The One Thing Companies Can’t Cut In This Tough Economy: Customer Service Employees

The One Thing Companies Can’t Cut In This Tough Economy: Customer Service Employees

While staff reductions may be necessary as sales slow in this economy, the people who serve your customers need to be the last staff considered for cutbacks.  This is because customer service employees are in the absolute best position to help you keep your current customers.

You probably already know that it costs 5-6 times more to win a new customer than it does to keep a current customer. A strong frontline keeps your customers.

BusinessWeek (March 2, 2009) reports cutting back just 4 Call Center Reps out of 3 dozen can send the number of customers put on hold for 4-minutes from zero customers to 80 customers. Do you really think 80 of your customers are willing to hold for 4-minutes every single day?

And not only are long hold times a problem (and that is a BIG problem), but the fact is, 60% of consumers prefer speaking with a live agent. Consumer interest in speaking with live people is so strong that a few years ago a man named Paul English founded the “gethuman” movement with the sole objective of restoring personal contact in customer service.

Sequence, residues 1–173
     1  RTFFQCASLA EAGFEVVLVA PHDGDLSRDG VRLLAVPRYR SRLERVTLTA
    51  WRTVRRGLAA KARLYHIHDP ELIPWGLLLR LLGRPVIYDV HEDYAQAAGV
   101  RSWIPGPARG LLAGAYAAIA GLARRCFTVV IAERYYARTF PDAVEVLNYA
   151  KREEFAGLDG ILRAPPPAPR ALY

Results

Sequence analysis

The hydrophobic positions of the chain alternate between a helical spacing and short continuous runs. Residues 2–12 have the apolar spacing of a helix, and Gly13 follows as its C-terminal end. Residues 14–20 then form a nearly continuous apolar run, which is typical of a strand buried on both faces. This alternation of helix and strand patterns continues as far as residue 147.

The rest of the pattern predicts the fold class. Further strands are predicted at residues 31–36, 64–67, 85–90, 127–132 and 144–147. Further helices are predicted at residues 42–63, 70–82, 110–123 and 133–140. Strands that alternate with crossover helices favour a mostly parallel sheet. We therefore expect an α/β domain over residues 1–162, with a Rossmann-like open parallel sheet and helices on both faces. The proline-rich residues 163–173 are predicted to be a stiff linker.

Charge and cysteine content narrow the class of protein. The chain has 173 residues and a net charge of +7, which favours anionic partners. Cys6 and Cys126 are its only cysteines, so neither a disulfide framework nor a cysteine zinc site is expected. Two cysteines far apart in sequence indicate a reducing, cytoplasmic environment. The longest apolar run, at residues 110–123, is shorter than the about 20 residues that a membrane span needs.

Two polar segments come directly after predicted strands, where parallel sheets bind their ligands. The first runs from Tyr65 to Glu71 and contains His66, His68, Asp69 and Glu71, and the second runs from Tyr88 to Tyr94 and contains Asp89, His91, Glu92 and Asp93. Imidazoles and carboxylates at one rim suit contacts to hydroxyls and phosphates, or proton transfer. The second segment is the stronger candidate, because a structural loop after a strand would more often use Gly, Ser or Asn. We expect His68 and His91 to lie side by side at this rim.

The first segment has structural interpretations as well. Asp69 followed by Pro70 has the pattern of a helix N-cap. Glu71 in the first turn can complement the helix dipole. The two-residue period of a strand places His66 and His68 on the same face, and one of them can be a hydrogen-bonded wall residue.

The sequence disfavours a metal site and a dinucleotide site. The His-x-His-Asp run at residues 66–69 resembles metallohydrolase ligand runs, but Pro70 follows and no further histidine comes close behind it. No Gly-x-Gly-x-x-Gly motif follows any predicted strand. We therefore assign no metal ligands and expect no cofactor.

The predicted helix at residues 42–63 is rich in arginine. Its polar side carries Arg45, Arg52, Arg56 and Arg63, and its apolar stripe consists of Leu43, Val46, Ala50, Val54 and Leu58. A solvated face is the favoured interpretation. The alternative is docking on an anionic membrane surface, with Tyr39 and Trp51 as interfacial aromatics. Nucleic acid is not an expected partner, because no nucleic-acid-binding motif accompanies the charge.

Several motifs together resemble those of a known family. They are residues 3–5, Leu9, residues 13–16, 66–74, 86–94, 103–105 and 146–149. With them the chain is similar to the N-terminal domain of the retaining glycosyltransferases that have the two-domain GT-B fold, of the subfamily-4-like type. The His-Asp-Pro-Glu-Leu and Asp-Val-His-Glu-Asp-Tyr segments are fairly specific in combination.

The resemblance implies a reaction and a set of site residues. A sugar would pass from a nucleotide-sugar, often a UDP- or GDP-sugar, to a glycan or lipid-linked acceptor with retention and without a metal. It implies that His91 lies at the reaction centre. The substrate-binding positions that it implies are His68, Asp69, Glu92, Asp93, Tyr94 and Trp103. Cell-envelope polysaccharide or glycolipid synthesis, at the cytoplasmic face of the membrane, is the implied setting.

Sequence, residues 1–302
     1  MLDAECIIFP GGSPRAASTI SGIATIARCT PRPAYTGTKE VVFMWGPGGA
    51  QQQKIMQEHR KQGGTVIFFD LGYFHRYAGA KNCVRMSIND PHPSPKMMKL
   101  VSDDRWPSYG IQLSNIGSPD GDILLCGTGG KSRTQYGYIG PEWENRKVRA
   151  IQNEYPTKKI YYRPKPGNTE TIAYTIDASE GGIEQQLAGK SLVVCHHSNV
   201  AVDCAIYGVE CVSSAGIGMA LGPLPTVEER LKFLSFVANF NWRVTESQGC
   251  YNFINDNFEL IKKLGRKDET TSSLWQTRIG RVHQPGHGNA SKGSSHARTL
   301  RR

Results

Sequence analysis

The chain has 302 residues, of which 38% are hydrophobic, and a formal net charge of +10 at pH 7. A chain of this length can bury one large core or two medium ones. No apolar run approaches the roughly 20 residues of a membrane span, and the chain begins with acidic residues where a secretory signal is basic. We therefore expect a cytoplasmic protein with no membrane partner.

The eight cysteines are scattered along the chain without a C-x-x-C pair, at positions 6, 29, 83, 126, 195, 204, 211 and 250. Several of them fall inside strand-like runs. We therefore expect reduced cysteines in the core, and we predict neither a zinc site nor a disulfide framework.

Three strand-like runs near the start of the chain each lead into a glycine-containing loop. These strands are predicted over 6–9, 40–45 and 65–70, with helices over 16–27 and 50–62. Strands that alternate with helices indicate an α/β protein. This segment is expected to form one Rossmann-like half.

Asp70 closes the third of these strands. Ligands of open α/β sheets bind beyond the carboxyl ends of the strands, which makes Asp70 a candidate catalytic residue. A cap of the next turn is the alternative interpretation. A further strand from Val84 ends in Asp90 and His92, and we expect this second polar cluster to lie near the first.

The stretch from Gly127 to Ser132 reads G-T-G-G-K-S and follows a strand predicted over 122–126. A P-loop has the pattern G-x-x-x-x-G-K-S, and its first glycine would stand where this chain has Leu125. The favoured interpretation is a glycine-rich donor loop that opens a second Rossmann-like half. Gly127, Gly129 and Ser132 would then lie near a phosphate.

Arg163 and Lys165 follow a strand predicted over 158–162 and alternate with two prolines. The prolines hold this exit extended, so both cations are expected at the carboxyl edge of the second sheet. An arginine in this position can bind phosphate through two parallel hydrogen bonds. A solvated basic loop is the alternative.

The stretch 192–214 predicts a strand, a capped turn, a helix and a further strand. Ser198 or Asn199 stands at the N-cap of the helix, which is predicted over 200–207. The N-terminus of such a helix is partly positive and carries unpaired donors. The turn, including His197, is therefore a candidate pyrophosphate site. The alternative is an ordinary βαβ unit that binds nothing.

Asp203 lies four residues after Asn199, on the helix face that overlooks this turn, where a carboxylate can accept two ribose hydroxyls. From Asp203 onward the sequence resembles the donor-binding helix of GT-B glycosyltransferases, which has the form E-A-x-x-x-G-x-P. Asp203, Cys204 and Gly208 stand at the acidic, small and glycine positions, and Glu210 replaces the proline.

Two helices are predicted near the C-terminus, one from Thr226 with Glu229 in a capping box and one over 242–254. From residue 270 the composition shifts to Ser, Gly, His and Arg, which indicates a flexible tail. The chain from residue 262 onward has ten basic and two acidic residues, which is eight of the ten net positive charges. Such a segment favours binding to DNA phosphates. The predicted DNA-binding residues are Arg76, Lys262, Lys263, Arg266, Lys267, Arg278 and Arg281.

Gethuman.com is a pretty cool website. It is a database of secret phone numbers and shortcuts to reach a human at 500 major corporations. The first time I used it I’d just received an email alert on my BlackBerry from American Airlines that my flight from Columbus to Tulsa had been cancelled. I immediately called the toll-free number listed on the email message, but I could not get a live person to save my life. I remembered the gethuman movement and pulled up the website. There I learned that to get a live body at American, I just needed to hit “0” at every single prompt, ignoring all messages.

If a website exists for the sole purpose of showing consumers how to get in touch with people, what does that say about customer service today?

Bottom Line: Yes, times are tough for a lot of us, but the frontline is not where you want to make your cuts. You need to safeguard your service in this economy. Find other areas to make cuts and don’t cut from the frontline. You need the frontline to serve your customers and to keep customers from even thinking about defecting to the competition.

 Many of the major airlines are charging for checked luggage and Talbots has stiffened rules for returns. These are the kinds of cuts you need to creatively search for. The frontline is not where you need to make cuts.

Need help brainstorming areas to make cuts that don’t include the frontline?  Check out my friend John Storm of Brainstorm Network. He’s masterful at helping companies come up with ideas for profit generation, cost-reduction, and innovation.

 

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